Tips for Co-Parenting After Divorce

Tips for Co-Parenting After Divorce November 4, 2019

The following is an excerpt from my interview with Paige Harley on my podcast, “You’ve Got This.”

Paige is mediator and divorce transition consultant based in Nashville, Tennessee, but with clients from all over the world. She is child-focused and works with individuals and families navigating the challenging waters of divorce and post-divorce. She is a single mom herself and has been co-parenting her three kids ages 20, 17 and 15 for more than a decade. If interested in working with Paige, she offers a free 30-minute consult.

Unfortunately, divorce is part of our societal landscape. For whatever reason, people get divorced and many times there’s children involved. Co-parenting gets more tricky when you have separate households.
Paige: Co-parenting is what you did before the divorce, trying to figure out how to choose make decisions for the child, like braces, education, extra-curricular activities. But with a divorce or separation, it becomes really challenging when you’re now in two homes and oftentimes people aren’t prepared for that and they aren’t prepared for the amount of work.

We were talking about what would be a 15-second conversation between married partners becomes a much bigger deal when you have separate homes. It becomes so complicated and people aren’t prepared for that, and sometimes I think that builds resentment. It’s exhausting being a single parent.

Co-parenting is even harder because you don’t have the benefit of just doing things on the fly. You have to be a lot more intentional. It takes more time and effort. No one’s telling you this when you’re signing the divorce papers. You’re just trying to keep your head above water.

We need to find ways to delegate some of the responsibilities. Especially as moms, we tend to do everything that we always did but now we have more responsibilities as a single parent when you’re in two homes. Your workload does increase, and then if you are the primary parent which a lot of moms are, then the workload has even gotten harder.

When I can talk to families, either currently going through divorce or shortly after whatever, I tell them that this is a great opportunity to figure out what has been working and what isn’t working because whatever frustrations you had when you were co-parenting under one roof, they’re going to be increased when you go under two roofs.

We shouldn’t automatically think the worst of the other person because that just can really escalate something. It can be hard if the divorce had a lot of hard feelings or was messy. How do you help parents to put that aside?
Paige: I say, “Give yourself a lot of grace.” I talk about the pendulum that swings on both sides. Give yourself some grace in navigating through that and get feedback from people that you really trust. Don’t go to the friends you know are just going to be your yes people. Go to the people who are going to make you look at yourself too.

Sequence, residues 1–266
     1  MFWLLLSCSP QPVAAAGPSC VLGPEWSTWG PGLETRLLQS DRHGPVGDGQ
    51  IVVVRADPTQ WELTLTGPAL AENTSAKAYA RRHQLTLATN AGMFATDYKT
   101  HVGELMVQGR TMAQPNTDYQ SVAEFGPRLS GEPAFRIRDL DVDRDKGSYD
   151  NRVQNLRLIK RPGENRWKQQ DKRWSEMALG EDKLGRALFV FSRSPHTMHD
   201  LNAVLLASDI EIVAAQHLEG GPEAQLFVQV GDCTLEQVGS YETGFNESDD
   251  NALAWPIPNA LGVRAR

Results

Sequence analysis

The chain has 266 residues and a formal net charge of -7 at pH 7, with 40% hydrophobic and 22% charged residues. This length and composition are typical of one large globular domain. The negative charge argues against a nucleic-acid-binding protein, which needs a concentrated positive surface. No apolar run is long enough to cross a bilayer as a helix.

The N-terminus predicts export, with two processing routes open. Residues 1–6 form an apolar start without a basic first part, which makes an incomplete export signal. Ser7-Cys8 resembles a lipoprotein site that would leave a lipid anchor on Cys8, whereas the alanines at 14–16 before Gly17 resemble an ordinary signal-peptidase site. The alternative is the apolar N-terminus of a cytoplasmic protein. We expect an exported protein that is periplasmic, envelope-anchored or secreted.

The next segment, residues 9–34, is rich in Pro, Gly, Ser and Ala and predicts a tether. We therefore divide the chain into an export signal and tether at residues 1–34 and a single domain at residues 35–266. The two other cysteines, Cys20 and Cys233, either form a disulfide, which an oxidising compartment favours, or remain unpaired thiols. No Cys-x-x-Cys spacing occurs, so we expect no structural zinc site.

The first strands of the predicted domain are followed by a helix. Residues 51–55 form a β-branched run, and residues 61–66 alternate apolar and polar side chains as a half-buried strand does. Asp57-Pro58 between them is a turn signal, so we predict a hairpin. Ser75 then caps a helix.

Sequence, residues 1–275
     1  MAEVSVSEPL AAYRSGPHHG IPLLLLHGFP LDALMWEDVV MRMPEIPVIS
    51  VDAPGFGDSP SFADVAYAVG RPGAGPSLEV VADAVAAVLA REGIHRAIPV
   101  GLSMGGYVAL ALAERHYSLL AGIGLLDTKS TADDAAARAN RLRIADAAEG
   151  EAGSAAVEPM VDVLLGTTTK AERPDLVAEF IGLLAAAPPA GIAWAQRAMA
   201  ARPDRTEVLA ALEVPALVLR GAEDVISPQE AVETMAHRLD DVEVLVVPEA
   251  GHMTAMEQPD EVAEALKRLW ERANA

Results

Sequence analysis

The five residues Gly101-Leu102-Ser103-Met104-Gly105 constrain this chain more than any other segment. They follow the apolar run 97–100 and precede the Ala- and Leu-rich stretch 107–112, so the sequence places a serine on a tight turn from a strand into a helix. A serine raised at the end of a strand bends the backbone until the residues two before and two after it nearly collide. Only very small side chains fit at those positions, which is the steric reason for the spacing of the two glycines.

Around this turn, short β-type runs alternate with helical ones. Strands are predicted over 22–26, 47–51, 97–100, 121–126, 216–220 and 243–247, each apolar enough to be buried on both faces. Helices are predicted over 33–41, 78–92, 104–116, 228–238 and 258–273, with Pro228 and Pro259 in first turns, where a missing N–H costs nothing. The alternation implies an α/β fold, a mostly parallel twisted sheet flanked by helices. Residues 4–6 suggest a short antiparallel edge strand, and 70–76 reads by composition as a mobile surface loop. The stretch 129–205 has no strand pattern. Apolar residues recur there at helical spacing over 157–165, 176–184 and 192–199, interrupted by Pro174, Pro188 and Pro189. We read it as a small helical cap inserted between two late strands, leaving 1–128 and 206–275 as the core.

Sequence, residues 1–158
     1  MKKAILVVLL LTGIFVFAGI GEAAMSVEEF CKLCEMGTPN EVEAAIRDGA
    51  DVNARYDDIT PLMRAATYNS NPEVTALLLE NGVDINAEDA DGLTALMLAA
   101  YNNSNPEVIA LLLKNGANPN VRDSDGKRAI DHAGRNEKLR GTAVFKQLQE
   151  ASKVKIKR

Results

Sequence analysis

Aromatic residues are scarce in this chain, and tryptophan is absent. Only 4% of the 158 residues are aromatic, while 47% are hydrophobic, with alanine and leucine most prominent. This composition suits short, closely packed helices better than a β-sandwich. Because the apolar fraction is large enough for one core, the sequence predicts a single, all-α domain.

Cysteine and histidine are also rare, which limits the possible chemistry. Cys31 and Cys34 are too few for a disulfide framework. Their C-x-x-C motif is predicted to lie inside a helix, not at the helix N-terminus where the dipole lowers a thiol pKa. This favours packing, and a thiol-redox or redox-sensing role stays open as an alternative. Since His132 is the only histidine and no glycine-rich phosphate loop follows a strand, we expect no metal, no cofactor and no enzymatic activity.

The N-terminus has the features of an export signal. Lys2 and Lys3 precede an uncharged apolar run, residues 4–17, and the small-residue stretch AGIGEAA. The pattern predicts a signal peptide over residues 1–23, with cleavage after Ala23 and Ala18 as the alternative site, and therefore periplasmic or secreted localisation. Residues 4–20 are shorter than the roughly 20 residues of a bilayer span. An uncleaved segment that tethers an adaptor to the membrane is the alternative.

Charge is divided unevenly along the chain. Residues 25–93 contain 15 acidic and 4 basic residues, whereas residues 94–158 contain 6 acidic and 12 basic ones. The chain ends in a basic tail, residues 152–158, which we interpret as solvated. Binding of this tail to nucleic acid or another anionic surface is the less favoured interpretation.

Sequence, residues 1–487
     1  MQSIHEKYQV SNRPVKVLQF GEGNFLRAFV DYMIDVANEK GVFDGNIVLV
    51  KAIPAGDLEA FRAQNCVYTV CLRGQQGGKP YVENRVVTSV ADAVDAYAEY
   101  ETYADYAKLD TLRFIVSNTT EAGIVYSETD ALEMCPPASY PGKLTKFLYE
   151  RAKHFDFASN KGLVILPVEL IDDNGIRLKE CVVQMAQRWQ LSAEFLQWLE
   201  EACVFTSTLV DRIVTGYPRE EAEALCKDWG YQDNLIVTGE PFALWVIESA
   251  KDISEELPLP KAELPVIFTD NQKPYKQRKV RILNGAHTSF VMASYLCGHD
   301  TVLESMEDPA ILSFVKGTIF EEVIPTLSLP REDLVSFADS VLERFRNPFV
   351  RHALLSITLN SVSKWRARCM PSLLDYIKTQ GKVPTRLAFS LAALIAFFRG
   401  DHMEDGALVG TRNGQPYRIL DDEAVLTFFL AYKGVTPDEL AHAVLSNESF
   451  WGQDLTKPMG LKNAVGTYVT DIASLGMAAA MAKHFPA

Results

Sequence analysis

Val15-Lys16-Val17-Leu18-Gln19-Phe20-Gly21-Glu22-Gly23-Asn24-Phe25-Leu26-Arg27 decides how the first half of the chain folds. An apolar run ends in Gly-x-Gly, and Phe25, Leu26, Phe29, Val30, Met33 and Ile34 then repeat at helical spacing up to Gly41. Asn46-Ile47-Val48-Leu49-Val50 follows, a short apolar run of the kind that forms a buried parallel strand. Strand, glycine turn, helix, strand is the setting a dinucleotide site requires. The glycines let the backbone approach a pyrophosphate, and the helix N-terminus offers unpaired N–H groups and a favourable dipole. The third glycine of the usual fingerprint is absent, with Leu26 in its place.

Where I find people get into these protracted conflicts is nobody’s asking questions. So, if you can be the one who asks questions, “Tell me more about why are you so adamant that you don’t think that the kids should go to the private school? Is it the school? Is it the money? Help me understand.” You can’t find the solutions until you really understand what the barriers are and why.

Oftentimes I find that people made assumptions like, “He doesn’t want to because he’s cheap and he’s just saying it’s not worth it,” and it’s like no, that’s not it at all. He doesn’t like it because of the drive or the schedule or something else.

So ask the questions, foster curiosity, and then be the one who’s looking for the solutions and offering those up instead of trying to always make your case and being like two attorneys and just fighting for your cause. Ask, “What if I did this? I’m not saying I would but what if I was willing to pay for it? What if we tried it for a year and then we could reassess?” Whatever you’re willing to do, don’t limit yourself by getting your own self stuck and just saying, “It has to be this.”

A good reminder that it’s not about getting our way, it’s more about trying to do what’s right for our kids. That’s hard. I mean, it’s hard when your co-parent lives in the same house with you, and I can’t imagine how much more difficult it is when you’ve separated and you have to have two households now and two different ways of doing things. And you may not agree with all the thing that your other co-parent is doing and yet you still are called to do the right thing with your kids and you still need to put them first in those decisions.